w5QiItalian ban o\n】 p\lastic cotton 【buds comes\ 【/into effectnLq9

Dub】ai acts to ste【m the 】ti【de of single use plastic

9Z4ERed Sea corals flourish at previously-restricte【d Israeli beachOSGC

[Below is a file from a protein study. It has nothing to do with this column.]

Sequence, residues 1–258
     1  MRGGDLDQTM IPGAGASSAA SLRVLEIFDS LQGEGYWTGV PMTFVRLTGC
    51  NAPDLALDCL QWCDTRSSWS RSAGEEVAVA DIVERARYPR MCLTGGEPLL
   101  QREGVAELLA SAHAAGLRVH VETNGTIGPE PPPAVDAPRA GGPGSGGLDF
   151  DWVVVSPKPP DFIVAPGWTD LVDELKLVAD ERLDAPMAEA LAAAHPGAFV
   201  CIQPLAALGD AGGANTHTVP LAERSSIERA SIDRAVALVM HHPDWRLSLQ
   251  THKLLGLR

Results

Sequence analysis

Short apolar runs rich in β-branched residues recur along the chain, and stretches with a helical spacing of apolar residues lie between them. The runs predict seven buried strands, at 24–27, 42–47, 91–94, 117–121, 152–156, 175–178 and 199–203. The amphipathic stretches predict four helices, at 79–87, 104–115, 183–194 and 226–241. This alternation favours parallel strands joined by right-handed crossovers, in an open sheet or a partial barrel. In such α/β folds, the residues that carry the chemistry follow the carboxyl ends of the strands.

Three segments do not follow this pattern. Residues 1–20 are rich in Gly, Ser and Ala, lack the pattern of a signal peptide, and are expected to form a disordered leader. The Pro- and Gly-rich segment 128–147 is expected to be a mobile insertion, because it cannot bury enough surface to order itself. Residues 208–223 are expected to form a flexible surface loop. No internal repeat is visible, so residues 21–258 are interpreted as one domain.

jOfuScienti【st】s es【ti【mate that roughly 】on/e million la\n/d and\ marin【e species may】 bec【ome extinct in the foreseeab/le f\uture. Many within】 decades. What are the main【 reasons for th/e decl\ine\ of under/water ec\osystems?Thanos Dailianis, a marine\ biologist fr】om the\// HCM【R-IMBB\C /resea【rc【h instit/ute /【in【 Crete,/ exp\la/\i】ns.“Marine ecosyste】ms are threatened bo/th locally 】\an【d globally/. At the lo\cal l】【evel, the/ coastal zo】ne hosts】 a lot of 【human activities, 】/ i\mp】】o\rt\ant human activities, like 】urban【isation, like agricu\lture, industry of】 co/urse, and【 ot\her uses which cause loc【a\lise/d fo】rms of degradation, l【ike pollutio/n,/ l】et’s s\ay.""But on the other hand, we have la\rge-sca\【le ph】enomena, like global warming/, or ocea/n a\cidificat/ion, which【【 \of course jo】in toge/the】r with the local】 pre\ssures and【 cause/ sometimes uncontrolled ef【/fects【.""In Crete, 】we’/re located in t/he Eastern/ Mediterranean which】/ ri\ght now【 i/s the warmest place in the Mediterranean/ basin.\ This【, a/】lon/【gsid\e with】 the adjacency with /the S\u【ez Cana【l, makes \it】 very sus\ce】pti【ble to ch【an/g【e right now.""So what we see here is an// early w】arning o/f 】things that will probably spread/ 】towards【 the 】west】 of the Mediterranean /in the\ fo\】rthcoming\ years.""/And【 of cour\se, these t【hings also happen at the global level. Global w/armin/g is a global t/hr【eat, of course, and species coming fr【/om other parts /of \th/e world is【 a universal trend right now becaus【e of this ong/oing c/hang/e.""We are of c【ourse c/oncerned because we feel it is our duty to preserve t/his biodiversity for future generations, an/d we feel t【hat righ【/t now it/’s on the ve\rge of be】coming de\g\r\ade\d.""Nature finds its ways, and t【/his 】ri/ch/ness will/ be replaced by \another richness. /The】 problem is\ mainly for us because we ha】v【e built our 【lives \with this biodive/rsity, so the loss of t/his biodiversity 【will /ma/inly af/【】f\ect hum【【ans as a species.""T】he \service\s it provides to us,/ the food, the 】\environment; all the】 stuff that makes】 our【 life nice \t【o live.\&/rdquo;Share this art】icle\【Copy】/paste the article video\ embed link below:CopyShareTweetSharesendShareTweetSharesendMoreHideShare】SendS】hareShareShareSendShareS】hareYo【u /might a\lso like 】 】 】 What’s k/illing】 our \unde【rw/ater ecosystems? 】 【 】 】 / 】 】 Uncharted wate】rs: how maps ca/n help prevent conf\lict o【v/er /marine resources 】 / 【 \ 【 【 \ \ Famil】y-run fisheries struggle as n/ew generation casts net wider 】 【 More a】boutOceanFauna and Flor【aEn\vironment/【al prot【\ectionbiodiversityGree【ce 】 Mo】st viewed \ \Wh】at influ/ence on climate i\s the corona\virus lockdown rea\lly【 having? \ 【 【 】 / The new AI system safeguarding 】premature babies from infec】tion 【 Me/ssenger RNA: th【e mol【ecul/e that \may teach \our bodies to b【e/at cancer 【 \ 【 Apple and Go\ogle 【say they'll work toge/th【er to trace spr\e\ad of coronavirus\ \via smart\p\hones / How EU】 funding is changi\ng 【【the face of La\tvian innova】ti\on \ 】 Browse today�/39;s tagseW3H